On Thursday the U.K. Daily Mail posted an article about some recent studies involving treating pain with marijuana.
The article reports:
A small study found people who use cannabis require higher doses of painkillers than non users after major traumatic event like a car crash.
The drug, which is legal for medical use in the majority of US states, is mainly prescribed to ease pain.
But this new research conducted in Colorado – which was the first state to legalize – suggests that short-term pain relief could weaken the body’s resilience to pain over time.
The researchers, from the Swedish Medical Center, Colorado, analyzed around 260 people who were involved in minor vehicle accidents and admitted to trauma centers.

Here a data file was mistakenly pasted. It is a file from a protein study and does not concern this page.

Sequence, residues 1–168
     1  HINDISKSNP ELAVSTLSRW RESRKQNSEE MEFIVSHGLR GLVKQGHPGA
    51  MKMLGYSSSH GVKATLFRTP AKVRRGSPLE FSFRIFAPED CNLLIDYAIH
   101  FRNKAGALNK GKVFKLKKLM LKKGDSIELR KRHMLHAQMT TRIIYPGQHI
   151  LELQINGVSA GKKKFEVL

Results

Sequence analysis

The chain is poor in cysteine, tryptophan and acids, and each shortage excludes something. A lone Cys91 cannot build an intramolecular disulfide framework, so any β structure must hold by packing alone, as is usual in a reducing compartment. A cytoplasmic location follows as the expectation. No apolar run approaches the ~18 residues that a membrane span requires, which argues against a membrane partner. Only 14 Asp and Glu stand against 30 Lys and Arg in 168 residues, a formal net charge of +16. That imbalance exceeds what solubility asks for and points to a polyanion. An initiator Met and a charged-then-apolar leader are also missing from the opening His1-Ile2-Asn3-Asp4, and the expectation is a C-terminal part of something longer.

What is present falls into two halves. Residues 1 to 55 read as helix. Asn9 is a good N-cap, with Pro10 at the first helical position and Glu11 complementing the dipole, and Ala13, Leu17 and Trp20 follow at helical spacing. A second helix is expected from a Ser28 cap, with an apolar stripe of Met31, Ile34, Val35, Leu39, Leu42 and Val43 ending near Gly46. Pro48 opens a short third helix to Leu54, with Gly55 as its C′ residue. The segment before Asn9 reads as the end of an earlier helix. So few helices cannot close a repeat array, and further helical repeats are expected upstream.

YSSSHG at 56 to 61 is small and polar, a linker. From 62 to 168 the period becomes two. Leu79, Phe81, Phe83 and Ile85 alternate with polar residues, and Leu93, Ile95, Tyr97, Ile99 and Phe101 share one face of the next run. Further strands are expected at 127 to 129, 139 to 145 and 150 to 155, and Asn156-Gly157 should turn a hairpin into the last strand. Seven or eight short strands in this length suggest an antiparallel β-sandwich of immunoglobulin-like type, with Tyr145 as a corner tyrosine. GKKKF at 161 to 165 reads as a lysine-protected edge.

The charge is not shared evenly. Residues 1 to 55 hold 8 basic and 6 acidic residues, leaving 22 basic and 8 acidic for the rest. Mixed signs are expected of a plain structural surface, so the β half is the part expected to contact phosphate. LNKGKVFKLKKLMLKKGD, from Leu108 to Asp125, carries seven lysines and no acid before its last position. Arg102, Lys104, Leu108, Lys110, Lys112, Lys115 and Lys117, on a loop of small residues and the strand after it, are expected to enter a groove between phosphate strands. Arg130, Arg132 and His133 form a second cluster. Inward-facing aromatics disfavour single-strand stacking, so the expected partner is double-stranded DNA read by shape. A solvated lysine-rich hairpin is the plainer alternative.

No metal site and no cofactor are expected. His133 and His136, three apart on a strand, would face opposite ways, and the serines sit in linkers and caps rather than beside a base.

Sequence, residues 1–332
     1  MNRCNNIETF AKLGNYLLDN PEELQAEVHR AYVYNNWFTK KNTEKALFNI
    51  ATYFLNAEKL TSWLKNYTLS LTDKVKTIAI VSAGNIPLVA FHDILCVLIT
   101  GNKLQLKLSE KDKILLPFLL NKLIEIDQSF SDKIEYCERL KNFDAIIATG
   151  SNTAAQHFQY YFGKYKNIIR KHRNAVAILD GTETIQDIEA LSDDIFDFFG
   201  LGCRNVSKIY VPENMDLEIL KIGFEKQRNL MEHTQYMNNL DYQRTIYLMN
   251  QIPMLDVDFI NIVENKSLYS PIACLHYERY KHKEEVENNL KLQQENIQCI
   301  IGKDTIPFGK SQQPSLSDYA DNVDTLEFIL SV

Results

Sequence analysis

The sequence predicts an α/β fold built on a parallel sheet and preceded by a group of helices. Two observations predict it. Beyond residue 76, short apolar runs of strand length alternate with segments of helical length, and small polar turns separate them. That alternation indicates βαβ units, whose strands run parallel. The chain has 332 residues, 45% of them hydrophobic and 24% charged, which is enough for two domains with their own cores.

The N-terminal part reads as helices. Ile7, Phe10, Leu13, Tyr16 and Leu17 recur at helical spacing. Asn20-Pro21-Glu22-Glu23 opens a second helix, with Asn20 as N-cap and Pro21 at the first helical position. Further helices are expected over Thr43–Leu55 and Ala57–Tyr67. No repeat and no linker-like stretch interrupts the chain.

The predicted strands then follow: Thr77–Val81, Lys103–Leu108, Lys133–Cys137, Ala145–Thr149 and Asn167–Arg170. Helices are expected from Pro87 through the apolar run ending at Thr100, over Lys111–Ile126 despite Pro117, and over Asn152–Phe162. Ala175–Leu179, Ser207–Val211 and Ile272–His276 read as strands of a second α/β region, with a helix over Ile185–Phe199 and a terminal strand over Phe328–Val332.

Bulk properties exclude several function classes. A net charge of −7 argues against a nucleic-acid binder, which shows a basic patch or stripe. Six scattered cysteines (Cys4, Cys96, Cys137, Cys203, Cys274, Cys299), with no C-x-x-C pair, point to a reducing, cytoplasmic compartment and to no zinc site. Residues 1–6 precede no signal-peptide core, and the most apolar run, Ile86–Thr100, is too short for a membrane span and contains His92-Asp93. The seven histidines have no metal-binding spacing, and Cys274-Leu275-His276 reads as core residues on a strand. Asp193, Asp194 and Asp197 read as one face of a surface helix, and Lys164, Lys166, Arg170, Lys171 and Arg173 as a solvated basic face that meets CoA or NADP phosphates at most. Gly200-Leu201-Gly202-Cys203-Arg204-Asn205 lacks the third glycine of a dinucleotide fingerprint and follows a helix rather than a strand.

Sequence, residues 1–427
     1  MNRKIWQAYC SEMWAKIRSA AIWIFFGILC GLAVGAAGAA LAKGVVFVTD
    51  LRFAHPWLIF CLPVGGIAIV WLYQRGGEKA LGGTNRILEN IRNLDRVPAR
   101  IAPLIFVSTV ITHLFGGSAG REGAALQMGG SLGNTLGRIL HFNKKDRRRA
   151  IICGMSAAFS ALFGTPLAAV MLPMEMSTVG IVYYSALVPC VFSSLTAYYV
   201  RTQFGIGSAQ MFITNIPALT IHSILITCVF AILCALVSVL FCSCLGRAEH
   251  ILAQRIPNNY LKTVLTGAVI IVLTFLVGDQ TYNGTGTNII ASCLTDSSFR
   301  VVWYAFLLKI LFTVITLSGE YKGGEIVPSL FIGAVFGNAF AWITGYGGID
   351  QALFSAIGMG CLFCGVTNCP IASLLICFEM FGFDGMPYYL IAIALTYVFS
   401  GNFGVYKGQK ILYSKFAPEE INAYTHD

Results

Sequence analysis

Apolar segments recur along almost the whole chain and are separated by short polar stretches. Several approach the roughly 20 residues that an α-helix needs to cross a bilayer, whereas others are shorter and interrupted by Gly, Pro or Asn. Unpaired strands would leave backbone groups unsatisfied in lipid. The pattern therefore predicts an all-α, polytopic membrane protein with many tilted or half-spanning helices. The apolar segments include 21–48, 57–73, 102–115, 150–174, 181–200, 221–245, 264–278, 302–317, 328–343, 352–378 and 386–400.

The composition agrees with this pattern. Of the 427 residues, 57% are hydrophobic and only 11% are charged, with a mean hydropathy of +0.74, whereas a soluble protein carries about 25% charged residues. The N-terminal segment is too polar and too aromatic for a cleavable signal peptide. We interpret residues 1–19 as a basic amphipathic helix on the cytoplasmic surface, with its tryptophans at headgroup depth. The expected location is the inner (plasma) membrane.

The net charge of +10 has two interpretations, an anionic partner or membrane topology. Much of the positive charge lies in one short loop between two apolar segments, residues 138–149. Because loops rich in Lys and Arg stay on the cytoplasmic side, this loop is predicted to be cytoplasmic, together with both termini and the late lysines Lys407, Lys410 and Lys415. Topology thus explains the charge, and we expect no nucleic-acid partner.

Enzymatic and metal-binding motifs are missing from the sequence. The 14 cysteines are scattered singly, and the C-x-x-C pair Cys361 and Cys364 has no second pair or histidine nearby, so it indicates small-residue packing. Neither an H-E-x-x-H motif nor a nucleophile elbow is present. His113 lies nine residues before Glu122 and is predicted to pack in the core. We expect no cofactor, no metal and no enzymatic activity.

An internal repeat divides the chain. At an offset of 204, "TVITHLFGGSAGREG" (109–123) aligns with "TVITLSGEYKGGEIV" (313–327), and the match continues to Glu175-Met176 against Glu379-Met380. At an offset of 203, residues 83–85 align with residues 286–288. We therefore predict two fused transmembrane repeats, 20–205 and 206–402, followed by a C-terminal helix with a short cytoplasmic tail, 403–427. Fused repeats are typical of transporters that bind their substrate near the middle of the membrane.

Of these, 54 tested positive for recent marijuana use while 16 claimed they used the drug more or less every day.
Around nine percent of the participants tested positive for other prescription or illegal drugs, such as cocaine and opiates.
On average, the marijuana users required 7.6mg of opioid painkillers a day in hospital, compared to 5.6mg for non-drug users.
This is probably not a surprise to people in the medical profession. I have been told by nurses who work in the operating room that people who are heavy users of alcohol require larger doses of anesthesia to put them to sleep. The body builds up a tolerance for drugs, whether the drug is alcohol, opioids, or marijuana. Those who blame big pharma for the fact that marijuana has not been legalized need to remember that just as big pharma has a huge lobby with lots of money, big marijuana also has a big lobby with lots of money. Legalizing marijuana in Colorado has brought the drug cartels into the state to mass produce their product for the local market. I don’t think that is what we want.
The medical values of marijuana are not proven and the unintended consequences of legalization are still unfolding. I think we need more research.